Article of the Month

How TikTok Has Influenced Gen Z Style During Lockdown

Lois Freeman

‘I don’t dress cool so men will pay attention to me. I dress cool so thirteen-year-old girls will walk by me down the street and whisper to their friends: “did you see that girl’s outfit? She looked so f***ing cool”’. For Generation Z, Tiktok is the platform for a new era of fashion freedom. 

The Chinese video-sharing app with an addictively unforgiving algorithm has quickly become a Gen Z playground. Filled to the brim with fast, choppy videos expressing everything from advice regarding daily self-care to ‘Gordon Ramsey reacts’. There is a place for everyone, which I think is part of the appeal.

Users experiment with clothing without the restraint of public judgement or mainstream styles around them.

Users have built a zeitgeist of acceptance as clashing sub-cultures and aesthetics co-exist in an extraordinary cultural soup of conversation, exchange, and adaptation. Think cottagecore meets E-boy meets a guy baking croissants from the heat of his dashboard. Crazy, I know.

The software seems to have revolutionized the likes of Instagram, whose main ‘feed’ is solely comprised by posts from those you follow. This creates a kind of stale echo chamber in comparison to TikTok’s fresh and often unpredictable influx of information. 

The app has quickly become a tool for fashion and personal style exploration, as users experiment with clothing without the restraint of public judgement or mainstream styles around them. It has also offered a platform for those in lockdown to flex their creative muscles.

Talented home-sewers take to Tiktok to turn deadstock vintage clothing and scrap fabric into modern reworked pieces, often using the app as a vehicle to showcase work which they sell on Depop. Allowing them to not only promote their creativity but also the sustainable fashion movement.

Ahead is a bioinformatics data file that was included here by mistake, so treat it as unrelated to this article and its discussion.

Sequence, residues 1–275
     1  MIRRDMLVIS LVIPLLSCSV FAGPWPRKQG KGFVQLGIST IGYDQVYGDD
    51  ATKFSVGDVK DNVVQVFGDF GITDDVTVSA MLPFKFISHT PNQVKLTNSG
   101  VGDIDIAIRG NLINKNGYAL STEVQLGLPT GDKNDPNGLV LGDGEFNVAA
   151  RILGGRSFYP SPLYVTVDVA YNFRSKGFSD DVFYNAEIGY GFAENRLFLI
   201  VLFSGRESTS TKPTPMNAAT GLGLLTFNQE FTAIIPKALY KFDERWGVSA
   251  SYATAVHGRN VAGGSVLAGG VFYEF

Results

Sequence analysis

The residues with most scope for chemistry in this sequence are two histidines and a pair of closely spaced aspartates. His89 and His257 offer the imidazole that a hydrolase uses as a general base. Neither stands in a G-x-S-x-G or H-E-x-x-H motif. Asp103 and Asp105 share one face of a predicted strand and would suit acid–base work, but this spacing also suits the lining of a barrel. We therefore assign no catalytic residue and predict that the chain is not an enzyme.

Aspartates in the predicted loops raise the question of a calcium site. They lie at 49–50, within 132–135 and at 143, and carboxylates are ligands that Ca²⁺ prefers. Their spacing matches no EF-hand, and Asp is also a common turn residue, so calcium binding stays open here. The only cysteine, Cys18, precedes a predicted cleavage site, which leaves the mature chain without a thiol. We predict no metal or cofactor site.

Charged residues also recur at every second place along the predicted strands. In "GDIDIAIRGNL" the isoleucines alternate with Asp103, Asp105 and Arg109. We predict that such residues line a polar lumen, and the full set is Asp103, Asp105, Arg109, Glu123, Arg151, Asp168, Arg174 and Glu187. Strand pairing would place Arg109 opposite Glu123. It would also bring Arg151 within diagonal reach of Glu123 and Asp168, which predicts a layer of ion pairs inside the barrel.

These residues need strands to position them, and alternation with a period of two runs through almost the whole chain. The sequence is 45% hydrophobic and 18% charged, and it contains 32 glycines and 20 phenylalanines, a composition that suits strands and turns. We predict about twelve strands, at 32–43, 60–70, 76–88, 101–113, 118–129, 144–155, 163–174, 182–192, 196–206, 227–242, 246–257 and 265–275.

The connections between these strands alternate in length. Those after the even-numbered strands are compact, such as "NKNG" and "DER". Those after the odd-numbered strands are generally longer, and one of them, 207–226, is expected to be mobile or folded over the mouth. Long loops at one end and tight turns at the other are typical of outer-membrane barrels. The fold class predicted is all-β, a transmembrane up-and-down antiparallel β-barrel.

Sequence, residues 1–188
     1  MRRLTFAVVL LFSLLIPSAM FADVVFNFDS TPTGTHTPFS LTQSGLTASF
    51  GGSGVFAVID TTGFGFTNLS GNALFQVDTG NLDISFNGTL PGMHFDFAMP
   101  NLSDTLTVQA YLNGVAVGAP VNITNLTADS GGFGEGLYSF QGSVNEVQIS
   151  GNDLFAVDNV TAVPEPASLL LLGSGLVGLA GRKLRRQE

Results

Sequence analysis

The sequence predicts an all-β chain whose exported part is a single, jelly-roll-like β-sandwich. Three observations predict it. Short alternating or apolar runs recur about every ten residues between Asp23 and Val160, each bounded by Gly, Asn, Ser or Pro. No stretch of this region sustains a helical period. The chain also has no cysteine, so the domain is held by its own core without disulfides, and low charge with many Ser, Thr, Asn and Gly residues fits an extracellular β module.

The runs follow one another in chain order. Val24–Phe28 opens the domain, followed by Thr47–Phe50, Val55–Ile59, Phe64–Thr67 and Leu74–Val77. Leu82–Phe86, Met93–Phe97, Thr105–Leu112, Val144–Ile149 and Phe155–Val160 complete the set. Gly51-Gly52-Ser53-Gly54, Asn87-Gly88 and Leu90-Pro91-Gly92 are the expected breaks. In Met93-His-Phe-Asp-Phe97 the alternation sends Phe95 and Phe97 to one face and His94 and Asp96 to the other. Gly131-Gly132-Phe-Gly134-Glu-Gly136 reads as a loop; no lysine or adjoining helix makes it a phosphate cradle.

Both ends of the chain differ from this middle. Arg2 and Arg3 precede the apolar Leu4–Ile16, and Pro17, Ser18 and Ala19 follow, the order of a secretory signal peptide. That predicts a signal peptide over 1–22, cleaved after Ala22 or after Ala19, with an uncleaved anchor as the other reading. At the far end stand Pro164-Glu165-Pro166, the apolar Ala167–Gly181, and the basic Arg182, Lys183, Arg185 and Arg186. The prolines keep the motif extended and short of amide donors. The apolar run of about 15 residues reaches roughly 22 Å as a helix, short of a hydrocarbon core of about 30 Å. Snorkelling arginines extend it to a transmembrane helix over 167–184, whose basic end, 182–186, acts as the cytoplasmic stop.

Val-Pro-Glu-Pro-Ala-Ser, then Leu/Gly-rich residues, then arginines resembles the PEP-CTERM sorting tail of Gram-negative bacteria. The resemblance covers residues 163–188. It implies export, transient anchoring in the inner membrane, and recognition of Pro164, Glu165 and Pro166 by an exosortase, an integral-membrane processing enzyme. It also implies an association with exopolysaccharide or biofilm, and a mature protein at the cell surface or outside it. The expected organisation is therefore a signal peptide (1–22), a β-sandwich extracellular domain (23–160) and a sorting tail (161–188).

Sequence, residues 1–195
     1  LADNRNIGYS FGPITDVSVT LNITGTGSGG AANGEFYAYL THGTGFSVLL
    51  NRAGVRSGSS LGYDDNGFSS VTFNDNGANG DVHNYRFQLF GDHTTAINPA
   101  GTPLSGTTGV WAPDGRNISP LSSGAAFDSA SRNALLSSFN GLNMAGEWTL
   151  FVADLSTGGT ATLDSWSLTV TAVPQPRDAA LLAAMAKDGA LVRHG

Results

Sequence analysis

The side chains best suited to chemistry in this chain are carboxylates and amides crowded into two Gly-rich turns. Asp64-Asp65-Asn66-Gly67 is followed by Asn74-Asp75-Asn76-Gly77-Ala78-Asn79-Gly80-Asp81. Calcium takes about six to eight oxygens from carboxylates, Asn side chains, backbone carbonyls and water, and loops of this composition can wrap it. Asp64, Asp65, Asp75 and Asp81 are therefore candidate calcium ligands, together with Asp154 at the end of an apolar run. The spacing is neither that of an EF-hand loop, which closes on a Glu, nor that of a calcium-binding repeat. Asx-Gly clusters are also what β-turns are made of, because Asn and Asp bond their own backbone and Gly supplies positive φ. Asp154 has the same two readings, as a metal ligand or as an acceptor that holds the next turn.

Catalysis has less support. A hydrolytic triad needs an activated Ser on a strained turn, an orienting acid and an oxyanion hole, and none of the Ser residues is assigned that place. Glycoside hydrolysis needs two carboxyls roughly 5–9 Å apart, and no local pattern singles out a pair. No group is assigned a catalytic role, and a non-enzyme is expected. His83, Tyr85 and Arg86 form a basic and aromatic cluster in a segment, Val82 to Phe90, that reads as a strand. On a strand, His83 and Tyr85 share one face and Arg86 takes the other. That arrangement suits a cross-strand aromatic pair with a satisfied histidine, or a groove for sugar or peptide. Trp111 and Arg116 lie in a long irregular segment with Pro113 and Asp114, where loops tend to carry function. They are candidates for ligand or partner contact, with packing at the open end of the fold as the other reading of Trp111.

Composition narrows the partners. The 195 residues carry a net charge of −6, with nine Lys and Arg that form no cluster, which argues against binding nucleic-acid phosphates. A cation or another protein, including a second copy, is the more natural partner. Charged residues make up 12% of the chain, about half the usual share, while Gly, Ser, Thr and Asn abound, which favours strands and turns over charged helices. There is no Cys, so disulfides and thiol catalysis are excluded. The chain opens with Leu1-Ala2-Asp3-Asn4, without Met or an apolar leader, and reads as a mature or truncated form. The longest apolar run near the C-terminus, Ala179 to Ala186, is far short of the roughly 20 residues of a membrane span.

Certain styles are prevalent on the app- ‘Y2k,’ short for ‘year 2000’ is one rooted in the technologisation of the late 90s and early 2000s. It is characterised by a sense of luxury and fun, imbued with pop culture references like Mean Girls and Britney Spears. It offers a resurgence in low-rise jeans, lace slips and (some would say extremely) mini bags. 

Sustainable fashion outlets like ‘andagain’, ‘House of Sunny’ and ‘Lucy & Yak’ have harnessed TikTok’s potential as an advertising platform, creating short, stylistic videos and capitalising on the app’s audience (41% of its users are aged between 16 and 24) to sell their products to the fashion-conscious young.

Brands can interact on a personal level with consumers, with the ‘duet’ feature allowing criticism and response to take place – both publicly and instantaneously. The app also holds space for those interested in fashion education, as creators like Declan Chan and ‘fashionboyy’ highlight prolific designers and runway collections both historic and current which have shaped the trajectory of fashion today. 

Tiktok has certainly triggered a new, unfiltered aesthetic exploration of style